* For three semesters, Matela was allowed to attend classes at Temple University without signing out. Id., p. 6.

* Within six months of beginning employment as an EA I, Matela was working "out of class," i.e., taking particular higher level assignments as an EA III at a higher pay scale per assignment. Matela would not have been able to work "out of class" without his supervisors' knowledge and consent. Wardlaw claims she was not allowed "out of class" assignments. Id.

Wardlaw alleges that she was retaliated against after bringing safety violations committed by another new employee, likewise a younger white male, to her supervisor's attention. She also alleges that she was retaliated against for complaining to the EEOC about Matela taking paid time off to attend school; according to Wardlaw, her requests to transfer were repeatedly refused, and her application to work on a tropical cruise ship was sabotaged. Id., p. 9.

Wardlaw makes other allegations of discrimination, harassment, and retaliation in her complaint, but none of them relate to age.

B. Administrative Proceedings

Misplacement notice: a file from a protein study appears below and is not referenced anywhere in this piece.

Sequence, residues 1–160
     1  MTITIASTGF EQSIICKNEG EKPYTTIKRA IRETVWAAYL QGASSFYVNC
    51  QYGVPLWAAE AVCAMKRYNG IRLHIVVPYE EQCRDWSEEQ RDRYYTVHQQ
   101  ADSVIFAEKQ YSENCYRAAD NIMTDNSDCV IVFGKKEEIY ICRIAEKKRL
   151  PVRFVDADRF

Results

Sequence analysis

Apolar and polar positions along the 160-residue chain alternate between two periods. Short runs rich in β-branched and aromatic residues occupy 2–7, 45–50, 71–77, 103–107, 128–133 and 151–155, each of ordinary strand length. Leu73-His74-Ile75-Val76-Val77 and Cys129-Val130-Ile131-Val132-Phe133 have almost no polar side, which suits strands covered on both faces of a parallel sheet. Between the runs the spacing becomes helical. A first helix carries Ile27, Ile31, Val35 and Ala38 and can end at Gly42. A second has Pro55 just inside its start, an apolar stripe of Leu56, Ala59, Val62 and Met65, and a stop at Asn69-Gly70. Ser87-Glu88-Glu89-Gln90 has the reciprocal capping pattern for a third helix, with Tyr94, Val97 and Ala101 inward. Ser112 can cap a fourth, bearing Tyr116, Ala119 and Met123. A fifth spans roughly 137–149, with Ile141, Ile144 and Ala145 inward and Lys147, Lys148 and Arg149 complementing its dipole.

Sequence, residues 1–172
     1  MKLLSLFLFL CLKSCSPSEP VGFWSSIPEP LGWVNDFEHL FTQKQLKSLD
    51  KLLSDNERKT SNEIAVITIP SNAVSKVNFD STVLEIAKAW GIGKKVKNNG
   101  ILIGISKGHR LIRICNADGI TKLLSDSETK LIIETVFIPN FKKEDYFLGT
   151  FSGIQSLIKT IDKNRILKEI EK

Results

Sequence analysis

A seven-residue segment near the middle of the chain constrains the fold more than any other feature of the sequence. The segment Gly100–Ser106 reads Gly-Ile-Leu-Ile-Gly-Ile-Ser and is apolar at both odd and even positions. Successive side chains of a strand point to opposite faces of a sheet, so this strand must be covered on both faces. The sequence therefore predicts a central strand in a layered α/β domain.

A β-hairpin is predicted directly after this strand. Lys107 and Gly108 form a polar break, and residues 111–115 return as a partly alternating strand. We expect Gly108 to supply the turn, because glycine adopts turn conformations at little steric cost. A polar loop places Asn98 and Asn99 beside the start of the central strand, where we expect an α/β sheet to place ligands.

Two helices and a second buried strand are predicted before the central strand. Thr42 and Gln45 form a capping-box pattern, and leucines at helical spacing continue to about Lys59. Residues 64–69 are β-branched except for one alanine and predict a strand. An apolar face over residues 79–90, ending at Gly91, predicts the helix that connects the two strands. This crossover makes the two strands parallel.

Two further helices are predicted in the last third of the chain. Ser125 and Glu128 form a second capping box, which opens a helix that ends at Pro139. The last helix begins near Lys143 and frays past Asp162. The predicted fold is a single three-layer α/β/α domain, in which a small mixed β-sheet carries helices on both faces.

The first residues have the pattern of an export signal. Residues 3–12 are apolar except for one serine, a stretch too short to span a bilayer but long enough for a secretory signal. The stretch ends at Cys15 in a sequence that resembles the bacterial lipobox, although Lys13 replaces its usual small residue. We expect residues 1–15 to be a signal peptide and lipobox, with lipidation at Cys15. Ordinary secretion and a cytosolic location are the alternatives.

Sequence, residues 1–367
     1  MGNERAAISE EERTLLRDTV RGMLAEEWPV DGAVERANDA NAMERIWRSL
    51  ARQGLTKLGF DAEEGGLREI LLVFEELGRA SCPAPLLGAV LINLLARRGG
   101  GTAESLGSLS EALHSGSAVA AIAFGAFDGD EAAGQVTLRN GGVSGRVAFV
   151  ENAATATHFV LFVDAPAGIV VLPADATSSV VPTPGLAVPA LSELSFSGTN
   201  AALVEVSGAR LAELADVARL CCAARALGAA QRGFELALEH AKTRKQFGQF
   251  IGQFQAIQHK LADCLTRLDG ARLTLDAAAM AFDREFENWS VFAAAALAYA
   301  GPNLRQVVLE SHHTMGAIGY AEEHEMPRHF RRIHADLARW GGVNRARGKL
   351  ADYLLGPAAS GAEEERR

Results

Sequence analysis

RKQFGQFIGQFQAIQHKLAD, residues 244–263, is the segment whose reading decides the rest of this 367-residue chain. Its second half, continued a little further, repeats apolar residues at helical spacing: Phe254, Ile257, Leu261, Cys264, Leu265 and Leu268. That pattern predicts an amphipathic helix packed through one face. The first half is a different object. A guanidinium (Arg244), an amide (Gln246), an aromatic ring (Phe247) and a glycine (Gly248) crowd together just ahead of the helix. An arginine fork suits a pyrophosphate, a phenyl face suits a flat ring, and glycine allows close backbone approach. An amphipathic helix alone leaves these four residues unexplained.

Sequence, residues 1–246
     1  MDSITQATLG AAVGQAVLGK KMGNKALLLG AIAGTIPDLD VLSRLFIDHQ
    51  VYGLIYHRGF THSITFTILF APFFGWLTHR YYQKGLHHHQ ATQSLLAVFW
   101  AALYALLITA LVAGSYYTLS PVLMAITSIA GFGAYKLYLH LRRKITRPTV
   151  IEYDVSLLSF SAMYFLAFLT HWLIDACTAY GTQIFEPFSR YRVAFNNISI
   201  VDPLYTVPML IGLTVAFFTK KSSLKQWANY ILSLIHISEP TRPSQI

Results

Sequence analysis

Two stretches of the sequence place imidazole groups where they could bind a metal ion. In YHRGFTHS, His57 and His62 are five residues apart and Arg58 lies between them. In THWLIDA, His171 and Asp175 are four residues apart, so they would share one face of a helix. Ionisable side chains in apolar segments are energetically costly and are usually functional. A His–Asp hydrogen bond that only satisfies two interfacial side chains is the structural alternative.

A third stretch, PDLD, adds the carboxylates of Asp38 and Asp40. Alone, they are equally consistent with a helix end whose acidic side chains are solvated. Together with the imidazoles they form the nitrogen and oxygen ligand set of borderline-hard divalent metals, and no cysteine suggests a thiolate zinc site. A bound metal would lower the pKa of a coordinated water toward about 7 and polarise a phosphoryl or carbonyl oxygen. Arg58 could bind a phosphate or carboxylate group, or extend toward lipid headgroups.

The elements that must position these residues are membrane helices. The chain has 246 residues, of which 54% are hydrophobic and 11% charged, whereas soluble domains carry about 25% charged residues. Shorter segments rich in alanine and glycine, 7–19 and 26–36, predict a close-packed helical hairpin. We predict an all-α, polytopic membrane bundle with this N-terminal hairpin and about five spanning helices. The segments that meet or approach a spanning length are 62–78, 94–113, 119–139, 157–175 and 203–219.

Plaintiff filed the following complaints with the United States Equal Employment Opportunity Commission ("EEOC") and the Pennsylvania Human Relations Commission ("PHRC"):

* on October 17, 2003, plaintiff filed a PHRC complaint alleging race and gender discrimination;

* on August 18, 2006, plaintiff filed an EEOC complaint alleging retaliation and disability discrimination;

* on April 12, 2007, plaintiff filed EEOC charges alleging race-, gender-, and disability-based discrimination and retaliation; and

* on October 25, 2007, plaintiff filed an EEOC age-related discrimination. Plaintiff filed her amended complaint on October 16, 2007, nine days before filing charges of age discrimination with the EEOC.

II. PROCEDURAL HISTORY